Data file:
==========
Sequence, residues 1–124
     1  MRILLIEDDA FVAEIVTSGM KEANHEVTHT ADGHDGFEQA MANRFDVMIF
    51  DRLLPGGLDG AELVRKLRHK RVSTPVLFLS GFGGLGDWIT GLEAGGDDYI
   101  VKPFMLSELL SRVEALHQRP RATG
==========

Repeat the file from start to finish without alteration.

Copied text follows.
Sequence, residues 1–124
     1  MRILLIEDDA FVAEIVTSGM KEANHEVTHT ADGHDGFEQA MANRFDVMIF
    51  DRLLPGGLDG AELVRKLRHK RVSTPVLFLS GFGGLGDWIT GLEAGGDDYI
   101  VKPFMLSELL SRVEALHQRP RATG